Jump to content


Spartacus

Billy James Hargis


  • Please log in to reply
1 reply to this topic

#1 Randy Gunter

Randy Gunter

    Member

  • Members
  • PipPip
  • 31 posts
  • Gender:Male
  • Location:San Diego, CA
  • Interests:JFK, Military History, Harley-Davidson, Classic cars, Atlanta Falcons, Atlanta Braves, and Georgia Bulldogs.

Posted 17 October 2013 - 04:38 AM

Does anyone know if Billy James Hargis is related to Bobby Hargis, the motorcycle cop that was sprayed with JFKs brain matter?

 

"Charles Willoughby's publisher and friend Billy James Hargis was a short, portly, double-chinned fellow in his midthirties who gained much of his financial support from H. L. Hunt and other wealthy oilmen. Along with Willoughby, who was his Washington eyes and ears, another of Hargis's advisory committee members was retired lieutenant general Pedro del Valle, US Marine commander in the Pacific Theater during World War II. After the Korean War, del Valle had become vice president of ITT's Latin American operations."

 

http://www.spartacus...willoughbyC.htm



#2 Robert Howard

Robert Howard

    Super Member

  • Members
  • PipPipPipPip
  • 2,662 posts
  • Gender:Male

Posted 17 October 2013 - 01:23 PM

http://www.nytimes.c...s/29hargis.html
November 29, 2004
Billy James Hargis, 79, Pastor and Anticommunist Crusader, Dies
By ROBERT D. McFADDEN
The Rev. Billy James Hargis, a fiery evangelist and anticommunist preacher who founded the Christian Crusade and reached millions in an international ministry that used radio, television, books, pamphlets and personal appearances, died on Saturday at a nursing home in Tulsa, Okla. He was 79.
Mr. Hargis, who had Alzheimer's disease, died at St. Simeon's Episcopal Home, where he had lived since last July, said his daughter, Becky Jean Frank. No cause of death was listed, Ms. Frank said.
At the height of his popularity in the 1960's and 1970's, Mr. Hargis - a shouting, arm-waving, 270-pound elemental force whom Oklahomans called a "bawl and jump" preacher - broadcast sermons daily or weekly on 500 radio stations and 250 television stations, mainly in the South, and in other countries. He traveled almost constantly to deliver his Christian and anticommunist messages, wrote 100 books and thousands of articles and pamphlets, and published a monthly newspaper.
Mr. Hargis, who began preaching as a teenager and later abandoned life as a pastor to engage in what became a lifelong crusade against communism, first gained international prominence in 1953, when he went to West Germany and sent aloft thousands of balloons bearing Biblical passages in hopes of reaching the people of Eastern Europe.
Throughout the 1950's and 1960's, he organized and spoke at rallies across America, allying himself with the Rev. Carl McIntire, retired Gen. Edwin A. Walker and other anticommunist crusaders. In 1966, he established the David Livingston Missionary Foundation, which ran medical clinics and orphanages in Asia and Africa, and in 1970 he founded and became president of the American Christian Crusade College in Tulsa.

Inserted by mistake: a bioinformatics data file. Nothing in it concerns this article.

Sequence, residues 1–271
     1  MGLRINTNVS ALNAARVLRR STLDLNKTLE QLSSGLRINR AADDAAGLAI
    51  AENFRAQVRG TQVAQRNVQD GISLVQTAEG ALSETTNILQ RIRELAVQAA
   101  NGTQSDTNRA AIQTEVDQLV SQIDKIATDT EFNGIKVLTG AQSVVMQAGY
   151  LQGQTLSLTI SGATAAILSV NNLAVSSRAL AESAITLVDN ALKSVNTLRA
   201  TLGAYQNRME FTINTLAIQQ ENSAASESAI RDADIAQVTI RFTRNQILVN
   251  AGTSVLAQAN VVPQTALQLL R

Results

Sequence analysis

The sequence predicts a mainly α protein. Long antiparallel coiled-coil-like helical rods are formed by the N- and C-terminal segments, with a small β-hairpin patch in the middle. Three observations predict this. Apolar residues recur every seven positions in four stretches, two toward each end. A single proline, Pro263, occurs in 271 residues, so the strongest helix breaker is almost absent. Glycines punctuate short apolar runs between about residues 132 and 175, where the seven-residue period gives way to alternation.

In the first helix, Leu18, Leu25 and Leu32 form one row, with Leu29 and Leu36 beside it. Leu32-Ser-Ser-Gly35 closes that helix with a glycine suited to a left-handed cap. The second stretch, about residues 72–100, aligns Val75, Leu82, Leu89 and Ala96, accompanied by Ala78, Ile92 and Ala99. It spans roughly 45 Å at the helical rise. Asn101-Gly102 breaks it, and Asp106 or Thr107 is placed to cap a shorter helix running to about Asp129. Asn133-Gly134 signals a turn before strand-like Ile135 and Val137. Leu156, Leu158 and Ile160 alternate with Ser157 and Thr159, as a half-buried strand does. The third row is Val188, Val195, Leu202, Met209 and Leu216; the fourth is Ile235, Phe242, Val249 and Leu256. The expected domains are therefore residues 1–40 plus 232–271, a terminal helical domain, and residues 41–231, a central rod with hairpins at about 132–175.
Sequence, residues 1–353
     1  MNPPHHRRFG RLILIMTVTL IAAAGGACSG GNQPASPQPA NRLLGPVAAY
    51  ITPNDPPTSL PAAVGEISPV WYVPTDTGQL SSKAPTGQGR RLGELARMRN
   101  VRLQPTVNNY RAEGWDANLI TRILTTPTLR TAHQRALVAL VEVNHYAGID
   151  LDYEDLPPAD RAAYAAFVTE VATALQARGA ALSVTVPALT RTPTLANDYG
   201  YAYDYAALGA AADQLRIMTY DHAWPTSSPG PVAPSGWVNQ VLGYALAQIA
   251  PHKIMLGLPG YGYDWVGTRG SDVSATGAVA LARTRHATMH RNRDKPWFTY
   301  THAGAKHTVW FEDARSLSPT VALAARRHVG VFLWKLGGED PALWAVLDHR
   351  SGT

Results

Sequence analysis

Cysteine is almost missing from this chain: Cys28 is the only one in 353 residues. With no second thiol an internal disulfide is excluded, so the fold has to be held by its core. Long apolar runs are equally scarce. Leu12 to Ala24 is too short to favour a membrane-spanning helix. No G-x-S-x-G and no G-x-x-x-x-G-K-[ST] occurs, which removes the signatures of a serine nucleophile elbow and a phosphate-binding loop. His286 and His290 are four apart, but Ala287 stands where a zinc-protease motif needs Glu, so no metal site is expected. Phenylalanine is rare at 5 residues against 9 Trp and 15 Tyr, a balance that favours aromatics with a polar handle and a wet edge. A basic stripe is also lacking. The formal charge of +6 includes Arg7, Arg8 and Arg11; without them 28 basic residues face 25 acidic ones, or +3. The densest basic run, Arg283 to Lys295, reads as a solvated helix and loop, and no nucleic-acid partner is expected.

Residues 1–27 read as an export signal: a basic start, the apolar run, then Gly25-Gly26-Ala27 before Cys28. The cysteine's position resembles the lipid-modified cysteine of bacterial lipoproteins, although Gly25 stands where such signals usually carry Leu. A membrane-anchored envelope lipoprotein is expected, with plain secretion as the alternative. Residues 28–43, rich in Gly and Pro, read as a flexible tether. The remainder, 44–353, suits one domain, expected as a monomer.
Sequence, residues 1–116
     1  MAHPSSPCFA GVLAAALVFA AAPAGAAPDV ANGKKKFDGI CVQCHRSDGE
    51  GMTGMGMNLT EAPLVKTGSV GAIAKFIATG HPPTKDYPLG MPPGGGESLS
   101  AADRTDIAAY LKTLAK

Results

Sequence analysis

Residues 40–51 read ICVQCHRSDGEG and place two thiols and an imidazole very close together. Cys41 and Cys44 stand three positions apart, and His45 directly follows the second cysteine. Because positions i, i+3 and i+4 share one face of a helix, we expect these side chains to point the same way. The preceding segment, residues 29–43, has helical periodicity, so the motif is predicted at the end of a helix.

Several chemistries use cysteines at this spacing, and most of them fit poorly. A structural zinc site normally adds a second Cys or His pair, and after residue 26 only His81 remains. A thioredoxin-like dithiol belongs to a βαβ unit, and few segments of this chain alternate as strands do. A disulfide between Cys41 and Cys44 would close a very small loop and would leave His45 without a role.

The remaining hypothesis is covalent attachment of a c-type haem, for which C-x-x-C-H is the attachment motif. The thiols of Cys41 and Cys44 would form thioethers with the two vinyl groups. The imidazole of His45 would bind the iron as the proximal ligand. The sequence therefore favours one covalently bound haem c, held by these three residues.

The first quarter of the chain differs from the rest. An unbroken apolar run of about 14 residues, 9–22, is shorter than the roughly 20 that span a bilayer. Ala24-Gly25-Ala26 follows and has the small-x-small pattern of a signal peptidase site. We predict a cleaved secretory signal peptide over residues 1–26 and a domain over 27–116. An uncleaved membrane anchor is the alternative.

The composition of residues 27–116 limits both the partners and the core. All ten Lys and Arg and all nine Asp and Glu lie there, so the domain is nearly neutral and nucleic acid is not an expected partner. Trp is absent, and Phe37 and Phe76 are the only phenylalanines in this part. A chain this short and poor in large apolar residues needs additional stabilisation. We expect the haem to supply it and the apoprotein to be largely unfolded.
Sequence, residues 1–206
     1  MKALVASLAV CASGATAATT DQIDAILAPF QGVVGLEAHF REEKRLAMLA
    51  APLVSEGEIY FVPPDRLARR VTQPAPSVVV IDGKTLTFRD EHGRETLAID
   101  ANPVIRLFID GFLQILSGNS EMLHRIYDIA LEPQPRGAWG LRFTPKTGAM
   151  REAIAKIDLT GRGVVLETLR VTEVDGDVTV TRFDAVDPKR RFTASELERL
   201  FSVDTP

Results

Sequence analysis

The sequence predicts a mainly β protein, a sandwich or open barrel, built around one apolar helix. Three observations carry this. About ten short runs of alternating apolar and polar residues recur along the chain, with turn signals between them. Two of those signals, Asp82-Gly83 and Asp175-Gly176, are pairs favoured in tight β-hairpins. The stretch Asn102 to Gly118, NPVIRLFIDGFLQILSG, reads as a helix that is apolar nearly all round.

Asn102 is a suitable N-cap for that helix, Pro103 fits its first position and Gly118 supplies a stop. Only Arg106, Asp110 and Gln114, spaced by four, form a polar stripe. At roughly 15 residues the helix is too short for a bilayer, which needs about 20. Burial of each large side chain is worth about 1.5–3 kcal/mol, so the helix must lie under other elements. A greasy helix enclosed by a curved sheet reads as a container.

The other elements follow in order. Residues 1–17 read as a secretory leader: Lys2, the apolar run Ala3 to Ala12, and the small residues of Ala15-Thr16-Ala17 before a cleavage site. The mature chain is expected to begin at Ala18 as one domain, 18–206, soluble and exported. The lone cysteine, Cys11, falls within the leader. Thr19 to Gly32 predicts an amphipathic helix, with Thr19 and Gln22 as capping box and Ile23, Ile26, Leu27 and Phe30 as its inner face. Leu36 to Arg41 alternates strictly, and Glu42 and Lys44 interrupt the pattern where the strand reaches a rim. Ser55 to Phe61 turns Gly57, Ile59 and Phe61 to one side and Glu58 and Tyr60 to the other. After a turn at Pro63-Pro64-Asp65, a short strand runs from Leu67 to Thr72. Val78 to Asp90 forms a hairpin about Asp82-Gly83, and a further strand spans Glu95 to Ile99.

Mr. Hargis appeared to be on his way to rivaling the Rev. Billy Graham and other major evangelists of his time. But his ministry and his following began to diminish after a series of reverses, including a long fight with the Internal Revenue Service that led in 1964 to the cancellation of tax-exempt status for his $1 million-a-year anticommunist Christian Crusade, for "political activities."
Another case produced a landmark court decision and sharply cut Mr. Hargis's broadcasting empire. He was accused by Fred J. Cook, a journalist, of unfairly maligning him in a radio broadcast. Mr. Cook sought free air time to reply under the Federal Communications Commission's fairness doctrine. A radio station in Red Lion, Pa., sued, saying its First Amendment rights would be violated. But the Supreme Court in 1969 upheld the constitutionality of the fairness doctrine, and many stations thereafter were less inclined to broadcast controversial programs.
In 1974, after Mr. Hargis was accused of having sexual relations with students of both sexes, he resigned as president of the college he had founded. He denied the accusations at the time and in a 1986 autobiography, "My Great Mistake," which was published by the Christian Crusade.
Billy James Hargis was born on Aug. 3, 1925, in Texarkana, Tex., and was adopted by Jimmie Earsel Hargis and Laura Lucille Hargis. He graduated from Texarkana High School and attended the Ozark Bible College in Bentonville, Ark., but dropped out to become a preacher. At 18, he was ordained a minister in the Disciples of Christ denomination, and became a pastor at several churches in Oklahoma and Missouri.
But in the early 1950's, he gave that up to become a radio preacher, and soon developed a passion for anticommunism that blended easily with his Christian sermons. As his charges of harboring communists widened to include government, business, labor, entertainment, cultural and charitable institutions and religious organizations, the Disciples of Christ dropped him as an accredited minister in 1957. By then, however, his crusade had grown into print and television media and was thriving.
While his audience later faded, his message essentially remained unchanged. He continued to serve as the director of the Christian Crusade Ministries until last summer, when his son, Billy James Hargis II, took over.
Besides his son, a Houston resident, and his daughter, Becky, of Tulsa, Mr. Hargis is survived by his wife, Betty Jane, whom he married in 1951; two daughters, Bonnie Jane Choisnard and Brenda Jo Epperley, both of Tulsa; 11 grandchildren; and 4 great-grandchildren.

 

Genealogy is the great unknown of the JFK assassination.....
 






0 user(s) are reading this topic

0 members, 0 guests, 0 anonymous users